Khmer Khabar (Part Two)

  • One of the entrances to the temple complexes that is still used to this day.
  • Trees have sprouted up in the middle of temples and cities since Angkor was inhabited centuries ago.
  • A stela of a Khmer woman.
  • The central tower of Angkor Wat.
  • The remains of buddha statues that are still venerated today.
  • One of hundreds of smiling buddha faces found through out Angkor.
  • The group at the door that was featured in Tomb Raider. It’s sad that pop culture has traveled this far.
  • Angkor Wat.

The second half of our trip to Cambodia was much lighter than the first. After about three days in Phnom Penh, we boarded a plane and traveled to Siem Reap in the north-western portion of the country. Today, Siem Reap is a small tourist town that must get nearly 90% of its business from hotels and tourist trapping gift shops. Driving around the city there is not much else besides a few small bike rental shops and restaurants, but the city’s nameactually refers to the defeat of the Siamese (Thai) army by the Khmers in the 17th Century. A common theme of Thai-Cambodian-Vietnamese history is war between the different groups. Of course, the reason for our visit to this area was to see the ancient ruins of Angkor Wat and the surrounding Khmer temples. As soon as we got unpacked at the hotel, we were off with our tour guide to see the park.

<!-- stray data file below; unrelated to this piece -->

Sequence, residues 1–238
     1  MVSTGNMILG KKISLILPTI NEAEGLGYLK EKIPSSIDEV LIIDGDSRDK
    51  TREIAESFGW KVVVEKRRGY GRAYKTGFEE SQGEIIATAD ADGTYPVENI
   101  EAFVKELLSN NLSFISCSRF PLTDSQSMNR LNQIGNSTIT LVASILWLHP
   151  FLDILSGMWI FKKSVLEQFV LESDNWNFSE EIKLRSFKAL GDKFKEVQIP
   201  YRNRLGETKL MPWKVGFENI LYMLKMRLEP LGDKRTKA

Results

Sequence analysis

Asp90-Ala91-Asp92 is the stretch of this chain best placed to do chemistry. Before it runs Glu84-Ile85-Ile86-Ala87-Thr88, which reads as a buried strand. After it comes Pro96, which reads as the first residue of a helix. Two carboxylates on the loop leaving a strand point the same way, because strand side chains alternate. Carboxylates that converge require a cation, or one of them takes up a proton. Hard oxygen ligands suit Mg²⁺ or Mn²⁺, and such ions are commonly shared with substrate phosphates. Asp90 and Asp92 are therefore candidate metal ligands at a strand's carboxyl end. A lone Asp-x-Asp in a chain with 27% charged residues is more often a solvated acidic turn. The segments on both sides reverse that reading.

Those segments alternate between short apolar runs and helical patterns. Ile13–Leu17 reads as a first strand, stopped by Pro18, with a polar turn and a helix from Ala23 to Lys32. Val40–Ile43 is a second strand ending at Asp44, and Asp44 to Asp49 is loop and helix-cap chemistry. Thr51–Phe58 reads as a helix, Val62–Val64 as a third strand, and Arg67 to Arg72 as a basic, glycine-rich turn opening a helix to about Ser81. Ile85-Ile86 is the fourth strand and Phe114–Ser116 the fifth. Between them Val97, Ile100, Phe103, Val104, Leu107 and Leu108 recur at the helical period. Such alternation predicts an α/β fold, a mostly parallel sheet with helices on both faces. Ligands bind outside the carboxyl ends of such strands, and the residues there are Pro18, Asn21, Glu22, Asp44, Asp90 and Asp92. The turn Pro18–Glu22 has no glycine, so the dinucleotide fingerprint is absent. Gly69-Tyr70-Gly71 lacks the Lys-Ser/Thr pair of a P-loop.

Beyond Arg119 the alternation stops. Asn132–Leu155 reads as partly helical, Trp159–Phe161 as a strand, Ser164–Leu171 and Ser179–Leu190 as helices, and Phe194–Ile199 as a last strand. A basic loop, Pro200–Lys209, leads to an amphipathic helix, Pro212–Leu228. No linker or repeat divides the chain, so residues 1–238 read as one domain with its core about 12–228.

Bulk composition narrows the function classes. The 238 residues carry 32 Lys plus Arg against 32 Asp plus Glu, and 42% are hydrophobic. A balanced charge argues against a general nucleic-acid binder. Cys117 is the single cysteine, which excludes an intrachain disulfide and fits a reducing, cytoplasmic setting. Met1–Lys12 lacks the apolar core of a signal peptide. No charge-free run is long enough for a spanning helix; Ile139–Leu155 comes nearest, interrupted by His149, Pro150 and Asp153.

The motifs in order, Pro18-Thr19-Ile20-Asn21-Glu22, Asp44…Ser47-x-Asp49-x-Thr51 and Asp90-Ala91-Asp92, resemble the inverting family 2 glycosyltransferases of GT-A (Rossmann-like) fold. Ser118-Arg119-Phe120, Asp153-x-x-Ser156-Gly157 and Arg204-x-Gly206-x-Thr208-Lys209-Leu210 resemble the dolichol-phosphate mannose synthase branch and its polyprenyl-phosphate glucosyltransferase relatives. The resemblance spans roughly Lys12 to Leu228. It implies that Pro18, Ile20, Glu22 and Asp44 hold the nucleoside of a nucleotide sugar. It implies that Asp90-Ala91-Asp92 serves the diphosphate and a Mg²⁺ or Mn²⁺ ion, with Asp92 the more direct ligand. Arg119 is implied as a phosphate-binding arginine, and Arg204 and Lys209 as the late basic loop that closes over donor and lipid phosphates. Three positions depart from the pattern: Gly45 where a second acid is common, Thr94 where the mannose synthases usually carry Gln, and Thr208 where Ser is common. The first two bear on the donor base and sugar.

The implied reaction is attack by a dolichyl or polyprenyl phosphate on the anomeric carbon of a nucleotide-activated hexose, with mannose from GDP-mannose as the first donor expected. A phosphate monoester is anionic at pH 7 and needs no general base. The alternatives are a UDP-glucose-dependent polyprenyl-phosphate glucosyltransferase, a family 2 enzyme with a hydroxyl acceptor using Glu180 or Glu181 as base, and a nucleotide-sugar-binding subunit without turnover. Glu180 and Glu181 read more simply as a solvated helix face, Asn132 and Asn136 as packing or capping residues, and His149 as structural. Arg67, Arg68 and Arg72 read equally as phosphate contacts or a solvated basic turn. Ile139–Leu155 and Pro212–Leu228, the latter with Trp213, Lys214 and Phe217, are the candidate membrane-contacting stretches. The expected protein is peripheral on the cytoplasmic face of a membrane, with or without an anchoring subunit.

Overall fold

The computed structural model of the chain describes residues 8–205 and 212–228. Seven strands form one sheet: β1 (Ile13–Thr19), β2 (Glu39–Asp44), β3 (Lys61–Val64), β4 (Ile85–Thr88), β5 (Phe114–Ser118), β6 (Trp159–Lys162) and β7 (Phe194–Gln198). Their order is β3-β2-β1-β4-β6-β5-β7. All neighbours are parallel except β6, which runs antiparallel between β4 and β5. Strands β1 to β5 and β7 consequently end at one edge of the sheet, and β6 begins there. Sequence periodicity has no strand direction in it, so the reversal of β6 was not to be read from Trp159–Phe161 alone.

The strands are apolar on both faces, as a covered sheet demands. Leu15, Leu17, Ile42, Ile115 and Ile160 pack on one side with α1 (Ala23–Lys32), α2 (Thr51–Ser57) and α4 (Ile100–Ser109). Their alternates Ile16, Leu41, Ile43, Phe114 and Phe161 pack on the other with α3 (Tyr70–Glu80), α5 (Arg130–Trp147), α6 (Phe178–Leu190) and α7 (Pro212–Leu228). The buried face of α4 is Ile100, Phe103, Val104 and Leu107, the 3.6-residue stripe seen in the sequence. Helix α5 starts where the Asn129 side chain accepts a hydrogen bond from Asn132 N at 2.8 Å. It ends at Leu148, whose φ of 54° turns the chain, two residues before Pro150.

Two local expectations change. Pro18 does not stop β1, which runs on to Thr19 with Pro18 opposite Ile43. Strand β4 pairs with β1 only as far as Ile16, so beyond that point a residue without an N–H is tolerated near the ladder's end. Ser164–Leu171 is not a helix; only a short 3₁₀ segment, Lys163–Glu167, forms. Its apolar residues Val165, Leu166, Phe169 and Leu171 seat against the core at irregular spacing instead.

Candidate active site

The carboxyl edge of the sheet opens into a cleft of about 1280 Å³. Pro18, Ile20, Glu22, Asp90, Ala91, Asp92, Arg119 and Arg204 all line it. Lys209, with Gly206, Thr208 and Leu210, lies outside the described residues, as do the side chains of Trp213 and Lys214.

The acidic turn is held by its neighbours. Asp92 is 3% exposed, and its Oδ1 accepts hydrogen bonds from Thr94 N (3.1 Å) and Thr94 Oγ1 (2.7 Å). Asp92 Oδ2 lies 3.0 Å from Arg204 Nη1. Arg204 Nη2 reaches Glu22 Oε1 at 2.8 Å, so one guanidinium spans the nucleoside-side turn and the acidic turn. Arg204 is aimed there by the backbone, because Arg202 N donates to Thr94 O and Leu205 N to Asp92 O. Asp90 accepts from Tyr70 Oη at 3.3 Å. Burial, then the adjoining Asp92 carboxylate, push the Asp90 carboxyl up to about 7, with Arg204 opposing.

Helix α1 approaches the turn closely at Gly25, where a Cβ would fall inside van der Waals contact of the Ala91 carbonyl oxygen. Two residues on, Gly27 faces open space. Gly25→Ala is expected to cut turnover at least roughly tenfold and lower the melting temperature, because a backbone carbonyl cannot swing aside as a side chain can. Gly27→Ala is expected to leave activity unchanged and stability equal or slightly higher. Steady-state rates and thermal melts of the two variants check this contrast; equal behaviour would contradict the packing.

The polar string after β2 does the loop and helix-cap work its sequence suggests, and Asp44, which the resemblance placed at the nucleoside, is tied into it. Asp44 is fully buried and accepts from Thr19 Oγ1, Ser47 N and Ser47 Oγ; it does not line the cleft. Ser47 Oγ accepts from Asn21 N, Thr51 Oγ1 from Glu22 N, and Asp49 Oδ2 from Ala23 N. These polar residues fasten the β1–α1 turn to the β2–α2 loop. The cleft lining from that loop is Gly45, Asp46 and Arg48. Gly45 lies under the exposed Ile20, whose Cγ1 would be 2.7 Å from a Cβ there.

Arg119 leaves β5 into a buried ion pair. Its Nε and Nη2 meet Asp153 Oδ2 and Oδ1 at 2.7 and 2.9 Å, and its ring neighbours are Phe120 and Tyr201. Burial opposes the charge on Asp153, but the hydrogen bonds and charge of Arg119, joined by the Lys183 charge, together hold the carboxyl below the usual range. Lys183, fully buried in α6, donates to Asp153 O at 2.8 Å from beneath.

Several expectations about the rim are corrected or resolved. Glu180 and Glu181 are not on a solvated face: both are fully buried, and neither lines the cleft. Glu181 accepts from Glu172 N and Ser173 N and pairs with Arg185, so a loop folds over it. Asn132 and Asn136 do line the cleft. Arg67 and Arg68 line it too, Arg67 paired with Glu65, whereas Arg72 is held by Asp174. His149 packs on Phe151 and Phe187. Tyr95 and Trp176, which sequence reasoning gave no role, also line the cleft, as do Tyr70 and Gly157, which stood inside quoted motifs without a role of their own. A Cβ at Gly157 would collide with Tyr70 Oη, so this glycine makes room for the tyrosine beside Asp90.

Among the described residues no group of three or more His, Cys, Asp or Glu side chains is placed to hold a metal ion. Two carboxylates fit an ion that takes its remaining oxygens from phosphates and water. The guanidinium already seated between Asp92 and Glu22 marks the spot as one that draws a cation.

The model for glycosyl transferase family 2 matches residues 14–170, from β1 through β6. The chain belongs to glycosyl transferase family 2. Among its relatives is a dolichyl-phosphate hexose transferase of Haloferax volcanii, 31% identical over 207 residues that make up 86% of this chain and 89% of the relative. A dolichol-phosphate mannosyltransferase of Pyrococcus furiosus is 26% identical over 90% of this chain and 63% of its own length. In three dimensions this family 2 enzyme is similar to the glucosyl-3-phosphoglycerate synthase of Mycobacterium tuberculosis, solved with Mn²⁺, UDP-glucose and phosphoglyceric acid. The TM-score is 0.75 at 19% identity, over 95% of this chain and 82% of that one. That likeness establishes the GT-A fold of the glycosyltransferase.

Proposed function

Chris decided that we should take tuk-tuks for the day because the open carriage allowsyou to see more than a tour bus; so after we tracked down enough to carry the whole group, we were a caravan of four carts each being pulled by a motorcycle. It took a while to drive into the park. The entrance is placed pretty far away from the temples and despite there being over 300 temples in the immediate area, it’s a bit of drive between some of them. After about fifteen minutes of riding through the jungle, we came up to our first destination.